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The Best New TV Shows to Watch This Fall

New seasons of Fargo, The Haunting, and PEN15 lead the list

Tim Surette

The fall season is upon us, which means the leaves on the trees will begin to change color and gently fall to the ground, the viruses will emerge from hiding to replicate at unstoppable levels, and your TV will shed its old exoskeleton in order to ready itself for the glut of new television series that come with the fall. You're on your own to rake your yard and keep illness at bay, but if you're looking for the best shows to watch this fall, take our hand and let us help you. 

While it's true that the coronavirus put a damper on some television production, a lot of streaming and cable companies had plenty of shows in the can before stoppages could affect them, which is why this list is entirely made of series from those avenues. Broadcast television, with its tighter turnaround schedules, wasn't as lucky, so if you're a fan of the lower dial, get used to watching imports, series that were previously exclusive on the parent company's streaming service, game shows, or shows that weren't good enough for the network last season. 

Looking for more recommendations of what to watch next? We have a ton of them! We also have hand-picked selections based on shows you already love.

The Boys

Premieres: Friday, Sept. 4 | Where to watch: Amazon Prime

The supes are back, and they're as revolting as ever. Amazon's biggest hit returns for a second season of TV's best superhero series for people who hate superheroes, as a group of vigilantes continue their quest to take down The Seven, a Justice League-type collection of capes controlled by a corporation whose sole goal is to commercialize the hell out of them. The new season adds You're the Worst's Aya Cash as Stormfront, the newest member of The Seven, who's said to be an even worse person than Homelander (Antony Starr). We're going to have to see that to believe it. -Tim Surette

Julie and the Phantoms

Premieres: Friday, Sept. 10 | Where to watch: Netflix

Netflix's new musical series Julie and the Phantoms admittedly feels a bit dated at first, because it has shades of a Disney Channel Original Movie and is executive-produced by Kenny Ortega, who helmed the popular High School Musical films. But the series, which is based on the Brazilian show of the same name and features all original music written for the show, grows on you with each passing episode. Julie and the Phantoms follows Julie (Madison Reyes), a teen who lost her passion for music after her mom died but who suddenly finds herself inspired to sing and write music again after meeting three ghostly musicians (Charlie GillespieOwen Patrick JoynerJeremy Shada) in her mom's old music studio. The trio were part of a band on the verge of making it big before they died in 1995; now they can only appear to the rest of the world while playing music with Julie. So while they help her find her voice once more, she helps them find purpose in the afterlife. As cheesy as it sounds, you should give this one a shot. -Kaitlin Thomas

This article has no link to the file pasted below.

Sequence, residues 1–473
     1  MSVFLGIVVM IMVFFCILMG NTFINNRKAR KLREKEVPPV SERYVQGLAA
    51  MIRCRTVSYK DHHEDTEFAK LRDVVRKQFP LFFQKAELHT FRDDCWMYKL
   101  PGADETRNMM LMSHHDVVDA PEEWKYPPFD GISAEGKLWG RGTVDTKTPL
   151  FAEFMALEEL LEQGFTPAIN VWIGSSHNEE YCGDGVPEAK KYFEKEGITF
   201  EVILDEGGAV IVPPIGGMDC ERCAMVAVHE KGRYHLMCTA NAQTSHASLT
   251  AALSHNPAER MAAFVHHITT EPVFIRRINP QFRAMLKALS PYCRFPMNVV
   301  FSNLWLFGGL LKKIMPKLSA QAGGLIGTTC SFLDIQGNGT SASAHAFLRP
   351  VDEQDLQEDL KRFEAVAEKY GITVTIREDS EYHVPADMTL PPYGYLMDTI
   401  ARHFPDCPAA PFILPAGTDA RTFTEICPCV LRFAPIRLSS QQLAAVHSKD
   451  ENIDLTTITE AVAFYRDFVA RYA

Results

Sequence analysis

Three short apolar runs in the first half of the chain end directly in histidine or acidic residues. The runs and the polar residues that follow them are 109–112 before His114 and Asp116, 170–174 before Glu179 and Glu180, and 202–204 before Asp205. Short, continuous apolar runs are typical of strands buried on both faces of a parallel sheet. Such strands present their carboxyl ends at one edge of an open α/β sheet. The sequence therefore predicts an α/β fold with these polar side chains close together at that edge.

Premieres: Friday, Sept. 18 | Where to watch: Hulu

I hope Anna (Anna Konkle) and Maya (Maya Erskine) are stuck in seventh grade forever. Hulu's goofy comedy about middle-school friendship returns with the two besties getting into even more awkward situations, like pool parties and first kisses, and once again, the 30-something actresses playing teen versions of themselves are sharing scenes with actual children. I can't tell you how fresh that joke stays throughout the series. This is the kind of earnest look at junior high -- indisputably the greatest torture humans go through in their lives -- that will make you want to cut 13-year-olds some slack. Plus, we gotta get an update on the Maya-Sam thing. They're OTP. -Tim Surette 


Premieres: Friday, Sept. 25 | Where to watch: Amazon Prime

Utopia is the kind of thing that would have been a twisted cult hit movie if it had been made 20 years ago, but now it's a show on Amazon that people will talk about in tones of "if you know you know." It's a conspiracy thriller about a group of internet friends who (correctly) believe that a mysterious comic book predicted past events, and a newly discovered issue predicts a future pandemic, which may be related to the synthetic meat a biotech company led by a CEO played by John Cusack is making. When the only copy of the manuscript goes missing, the friends find themselves pursued by some very brutal people, and they learn that the comic is even more real than they could have imagined. A description of what Utopia is about, however, does not convey the extremely dark and satirical sense of humor the show has that feels very appropriate for 2020. -Liam Mathews


Premieres: Sunday, Sept. 27 at 10/9c | Where to watch: FX, FX on Hulu (day after)